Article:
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Journal Article


Giancola PR, Zeichner A, Yarnell JE, Dickson KE. Alcohol Clin. Exp. Res. 1996; 20(6): 1094-1098.


Western Psychiatric Institute and Clinic, Department of Psychiatry, University of Pittsburgh School of Medicine, PA 15213-2593, USA.


(Copyright © 1996, John Wiley and Sons)






The purpose of this study was to assess the relation between Executive Cognitive Functioning (ECF) and the adverse consequences of alcohol consumption. ECF encompasses "higher order" cognitive abilities involved in goal-directed behavior, such as attentional control, mental flexibility, planning, and self-monitoring. Impaired ECF has been shown to result in a variety of negative consequences, including excessive drug and alcohol use. Subjects were 79 nonalcoholic male social drinkers between 17 to 30 years of age. ECF was measured using three neuropsychological tests: the Wisconsin Card Sorting Test (WCST), the Conditional Associative Learning Test (CAT), and the Sequential Matching Memory Test (SMMT). Adverse drinking consequences were measured using the Drinker Inventory of Consequences (DrInC). The DrInC assesses drinking consequences in five domains: Physical, Intrapersonal, Interpersonal, Social Responsibility, and Impulse Control. Scores from the neuropsychological tests were reduced into two latent variables: one representing the WCST and the other representing the CAT and SMMT. The results indicated that errors on the CAT/SMMT variable were positively related to adverse consequences in each domain, except for physical consequences. A similar association was found between the WCST variable and impulse control consequences. These findings indicate that performance on tests measuring ECF is related to the severity of drinking consequences. Therefore, prevention and treatment outcomes may be improved by incorporating cognitive habilitation into current interventions.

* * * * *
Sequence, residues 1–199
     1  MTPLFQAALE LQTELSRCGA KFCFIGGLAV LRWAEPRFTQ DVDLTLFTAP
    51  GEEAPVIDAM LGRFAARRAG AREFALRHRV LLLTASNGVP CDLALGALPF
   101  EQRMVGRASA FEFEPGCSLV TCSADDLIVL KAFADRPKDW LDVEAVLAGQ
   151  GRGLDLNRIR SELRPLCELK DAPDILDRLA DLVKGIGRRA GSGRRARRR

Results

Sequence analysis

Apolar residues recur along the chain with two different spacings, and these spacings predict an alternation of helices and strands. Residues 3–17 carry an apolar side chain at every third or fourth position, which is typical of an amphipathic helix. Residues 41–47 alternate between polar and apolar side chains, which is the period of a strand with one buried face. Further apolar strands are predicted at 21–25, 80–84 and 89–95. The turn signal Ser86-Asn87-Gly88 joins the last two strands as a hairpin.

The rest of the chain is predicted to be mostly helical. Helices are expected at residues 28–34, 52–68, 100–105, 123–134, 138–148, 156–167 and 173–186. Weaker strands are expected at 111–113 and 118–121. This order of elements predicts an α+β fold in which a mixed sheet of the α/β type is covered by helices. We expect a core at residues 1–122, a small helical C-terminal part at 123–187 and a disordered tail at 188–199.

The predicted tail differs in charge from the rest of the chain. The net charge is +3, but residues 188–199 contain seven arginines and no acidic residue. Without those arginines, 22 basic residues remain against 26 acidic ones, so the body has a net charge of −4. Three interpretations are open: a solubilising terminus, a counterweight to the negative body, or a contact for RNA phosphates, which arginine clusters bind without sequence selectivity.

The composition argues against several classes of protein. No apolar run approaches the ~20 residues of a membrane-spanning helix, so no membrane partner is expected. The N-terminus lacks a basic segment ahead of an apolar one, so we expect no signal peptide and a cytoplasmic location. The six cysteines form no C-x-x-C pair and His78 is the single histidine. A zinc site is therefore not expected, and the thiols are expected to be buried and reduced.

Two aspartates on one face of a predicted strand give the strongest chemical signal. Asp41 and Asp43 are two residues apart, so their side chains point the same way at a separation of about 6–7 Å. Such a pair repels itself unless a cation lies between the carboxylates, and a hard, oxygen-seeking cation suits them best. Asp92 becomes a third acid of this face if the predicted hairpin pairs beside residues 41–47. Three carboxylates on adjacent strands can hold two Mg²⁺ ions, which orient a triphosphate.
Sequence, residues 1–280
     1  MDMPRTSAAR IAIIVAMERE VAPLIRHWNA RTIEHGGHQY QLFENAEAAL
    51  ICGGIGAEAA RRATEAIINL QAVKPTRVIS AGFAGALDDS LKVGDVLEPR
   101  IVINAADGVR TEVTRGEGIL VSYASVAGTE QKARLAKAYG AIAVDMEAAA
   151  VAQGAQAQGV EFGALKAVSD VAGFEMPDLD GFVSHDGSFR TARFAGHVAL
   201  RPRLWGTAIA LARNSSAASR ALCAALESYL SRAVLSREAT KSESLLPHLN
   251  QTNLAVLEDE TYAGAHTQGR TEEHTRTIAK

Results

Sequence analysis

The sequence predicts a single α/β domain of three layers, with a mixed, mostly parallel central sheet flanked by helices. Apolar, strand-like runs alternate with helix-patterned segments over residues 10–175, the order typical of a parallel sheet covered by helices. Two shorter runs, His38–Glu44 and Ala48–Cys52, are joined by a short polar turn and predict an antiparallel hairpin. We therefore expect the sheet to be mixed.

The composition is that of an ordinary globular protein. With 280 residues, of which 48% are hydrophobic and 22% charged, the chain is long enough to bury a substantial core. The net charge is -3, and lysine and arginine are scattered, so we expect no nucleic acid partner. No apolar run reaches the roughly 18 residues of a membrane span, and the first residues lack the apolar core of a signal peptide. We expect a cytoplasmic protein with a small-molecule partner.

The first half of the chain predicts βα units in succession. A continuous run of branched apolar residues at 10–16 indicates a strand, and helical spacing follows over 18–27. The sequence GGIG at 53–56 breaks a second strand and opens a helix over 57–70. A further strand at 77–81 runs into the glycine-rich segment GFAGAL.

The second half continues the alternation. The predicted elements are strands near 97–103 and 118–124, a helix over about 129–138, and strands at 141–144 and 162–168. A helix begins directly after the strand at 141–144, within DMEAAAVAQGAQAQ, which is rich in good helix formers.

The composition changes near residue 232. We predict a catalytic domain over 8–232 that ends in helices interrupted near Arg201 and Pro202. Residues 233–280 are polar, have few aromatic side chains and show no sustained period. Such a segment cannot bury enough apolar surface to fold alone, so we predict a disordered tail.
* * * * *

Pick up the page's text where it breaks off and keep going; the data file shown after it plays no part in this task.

Language: en


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